The constitutionality of the comprehensive city ban was challenged through a lawsuit filed in January 2019 by the Alliance Defending Freedom (ADF), an organization designated as a hate group by the Southern Poverty Law Center, using pseudo-human rights language to argue that adults have a right to such “therapy”. Lifting the ban is a move to avoid the lawsuit reaching the conservative Supreme Court and setting a precedent allowing the harmful practices to continue. 

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Maria Sjodin, deputy director of OutRight Action International, said that “ADF’s challenge and the necessary move to repeal the ban on conversion therapy in New York City is symptomatic of the growing attack on human rights, and the human rights of LGBTQIA people in particular, that has soared in the US under the current administration. Initiatives such as the Commission for Unalienable Rights, and broad attacks on gender and sexual and reproductive health and rights, have emboldened groups such as the ADF to be more visible, and ramp up their attacks on the human rights of LGTBQIA people and women.”

Sjodin added that “proponents of so-called conversion therapy have begun using human rights language to support their efforts, claiming that those who want such services have the right to them. But make no mistake – this is not an effort to safeguard freedom of speech, or the right of LGBTQIA people to seek mental health support, but rather an effort to make more people conform to outdated perceptions of cis-gender heterosexuality as the only acceptable norm.”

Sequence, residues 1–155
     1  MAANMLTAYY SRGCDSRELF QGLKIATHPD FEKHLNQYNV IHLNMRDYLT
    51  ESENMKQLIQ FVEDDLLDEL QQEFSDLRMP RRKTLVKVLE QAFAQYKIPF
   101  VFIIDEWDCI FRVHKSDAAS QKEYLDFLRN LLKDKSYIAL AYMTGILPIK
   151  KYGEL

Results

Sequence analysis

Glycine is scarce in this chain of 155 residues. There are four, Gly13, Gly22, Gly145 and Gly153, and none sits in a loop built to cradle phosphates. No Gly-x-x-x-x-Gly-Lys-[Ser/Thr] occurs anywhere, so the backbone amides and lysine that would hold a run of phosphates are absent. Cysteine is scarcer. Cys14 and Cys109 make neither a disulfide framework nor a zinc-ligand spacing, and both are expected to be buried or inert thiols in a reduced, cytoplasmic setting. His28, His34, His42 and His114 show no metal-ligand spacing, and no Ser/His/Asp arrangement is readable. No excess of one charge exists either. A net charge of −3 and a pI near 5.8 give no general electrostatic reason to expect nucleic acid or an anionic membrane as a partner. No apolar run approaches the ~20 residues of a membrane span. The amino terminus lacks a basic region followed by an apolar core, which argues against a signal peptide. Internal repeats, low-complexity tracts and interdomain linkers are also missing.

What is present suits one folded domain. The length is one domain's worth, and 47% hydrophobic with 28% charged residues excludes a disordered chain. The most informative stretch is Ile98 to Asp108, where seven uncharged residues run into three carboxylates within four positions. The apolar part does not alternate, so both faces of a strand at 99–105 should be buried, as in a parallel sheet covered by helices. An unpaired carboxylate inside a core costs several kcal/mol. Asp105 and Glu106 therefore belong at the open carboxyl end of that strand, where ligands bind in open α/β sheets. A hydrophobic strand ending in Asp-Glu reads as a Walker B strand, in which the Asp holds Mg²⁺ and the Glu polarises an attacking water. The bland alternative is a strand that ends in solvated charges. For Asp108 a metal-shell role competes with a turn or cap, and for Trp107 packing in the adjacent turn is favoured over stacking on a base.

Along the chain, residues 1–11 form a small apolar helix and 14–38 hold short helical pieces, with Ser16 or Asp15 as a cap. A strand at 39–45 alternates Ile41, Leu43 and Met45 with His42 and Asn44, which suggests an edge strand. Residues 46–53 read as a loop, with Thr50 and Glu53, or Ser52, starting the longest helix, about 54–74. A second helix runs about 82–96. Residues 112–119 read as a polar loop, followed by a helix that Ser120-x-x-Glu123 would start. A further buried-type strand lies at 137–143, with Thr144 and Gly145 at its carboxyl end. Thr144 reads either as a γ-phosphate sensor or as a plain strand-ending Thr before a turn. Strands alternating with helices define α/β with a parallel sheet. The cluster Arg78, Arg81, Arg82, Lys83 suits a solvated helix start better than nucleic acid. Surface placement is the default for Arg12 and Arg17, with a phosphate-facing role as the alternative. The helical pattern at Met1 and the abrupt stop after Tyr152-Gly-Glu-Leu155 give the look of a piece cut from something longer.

The report “Harmful Treatment: The Global Reach of So-Called Conversion Therapy” issued by OutRight Action International last month found that so-called “conversion therapy” practices are prevalent across the world. Total bans on such practices exist only in four countries (Ecuador, Brazil, Taiwan, and Malta), with a further ten, including the US, having partial or policy bans in place. 

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“The existence and prevalence of ‘conversion therapy’ is directly related to just how deeply unaccepted and feared LGBTIQ people are in many societies around the world. These practices hinge on the belief that cis-gender heterosexuality is the only accepted norm, and gender identities beyond the one assigned at birth and same-sex attraction are an anomaly, a sickness, and something to be ‘reoriented’, changed or ‘cured’, if need be by brutal, inhuman force. It is shocking that over forty-five years after the American Psychiatric Association removed homosexuality from the Manual of Mental Disorders, and over 20 years after it first condemned ‘conversion therapy’, there are forces fighting for these harmful practices in the US,” Sjodin ended.

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Health & Wellness